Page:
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Two Inept Women and One Crazy Guy,
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This review is from: Three Strong Women (Hardcover)
That, at least, would be a more accurate title. However, even a more precise translation of the original as Three "Powerful" Women, still seems well wide of the mark: for number, for gender and for description. Here are three vaguely related short stories. In the first, Norah, an Afro-French female attorney comes to Africa at the urging of her estranged father. Peripherally to her own story, she meets Khady, caregiver to a pair of twins her father sired on his second wife. (We'll met Khady later). Determined to stand up to her father she soon capitulates to more than just his demands. The second story ostensibly gives us Fanta, an Africa woman who falls in love with and follows a European expat from Dakar to France. Problem is, we never catch even a glimpse of Fanta. All we know about her presumed misery, we get from the deranged and uncontrolled musings of her husband Rudy Descas. I found this the most interesting, if frustrating, of the stories.
Of the uniformly sad fates, the most tragic is Khady's in the third story. Married while still a child to a kindly and loving man, Khady moves, as tradition dictates, to her new in-laws. After just three years, she is left both widowed and childless and, thus, of no further use to his family. They pack a small bag of her possessions, give her a packet of money and send her off to find a cousin, Fanta, living, they say, very successfully in France. Khady is entirely unprepared by her life's experience to make this journey and triumph over the evils she will undoubtedly face. The choices she makes based on her third-world ignorance and naivete have predictable and utterly harrowing consequences.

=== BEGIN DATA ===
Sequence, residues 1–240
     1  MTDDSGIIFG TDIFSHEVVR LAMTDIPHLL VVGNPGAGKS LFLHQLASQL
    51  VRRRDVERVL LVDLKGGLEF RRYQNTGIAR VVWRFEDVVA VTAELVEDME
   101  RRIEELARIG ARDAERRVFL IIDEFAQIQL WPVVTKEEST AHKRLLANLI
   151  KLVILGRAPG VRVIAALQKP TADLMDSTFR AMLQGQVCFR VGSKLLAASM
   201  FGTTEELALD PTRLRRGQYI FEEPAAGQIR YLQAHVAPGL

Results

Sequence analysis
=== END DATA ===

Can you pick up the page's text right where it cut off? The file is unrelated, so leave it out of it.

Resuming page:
With Three Strong Woman, Marie NiDaye became the first black woman to be awarded the Prix Goncourt, perhaps France's highest literary prize. English-language awards frequently stir controversy with idiosyncratic choices that many think belie their mission of celebrating the highest achievements in arts and letters. Never have I felt this more keenly than with this 2009 award-winner recently translated into English.
Admittedly, from the title, I expected something different. But, apart from that, I was puzzled and unsatisfied by what I did find on the pages. Call me old-fashioned, but I care about plot, character and narrative. I couldn't understand the choices made by the characters or by the author herself. Actions and consequences about which I expected to feel passionately left me confused and ambiguously distanced, the result I believe of an oblique style of exposition and the accretion of strange, often meaningless observations and details. Admittedly, I do not have the literary chops of the jury for the Prix Goncourt, but I just didn't get it.
Three Strong Women
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Showing 1-5 of 5 posts in this discussion